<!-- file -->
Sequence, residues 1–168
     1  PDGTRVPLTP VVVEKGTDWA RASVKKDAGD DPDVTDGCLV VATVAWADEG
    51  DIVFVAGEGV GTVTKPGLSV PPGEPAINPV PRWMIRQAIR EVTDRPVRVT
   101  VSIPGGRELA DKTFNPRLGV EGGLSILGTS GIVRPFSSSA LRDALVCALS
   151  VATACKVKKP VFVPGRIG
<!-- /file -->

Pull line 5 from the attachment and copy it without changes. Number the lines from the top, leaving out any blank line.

   151  VATACKVKKP VFVPGRIG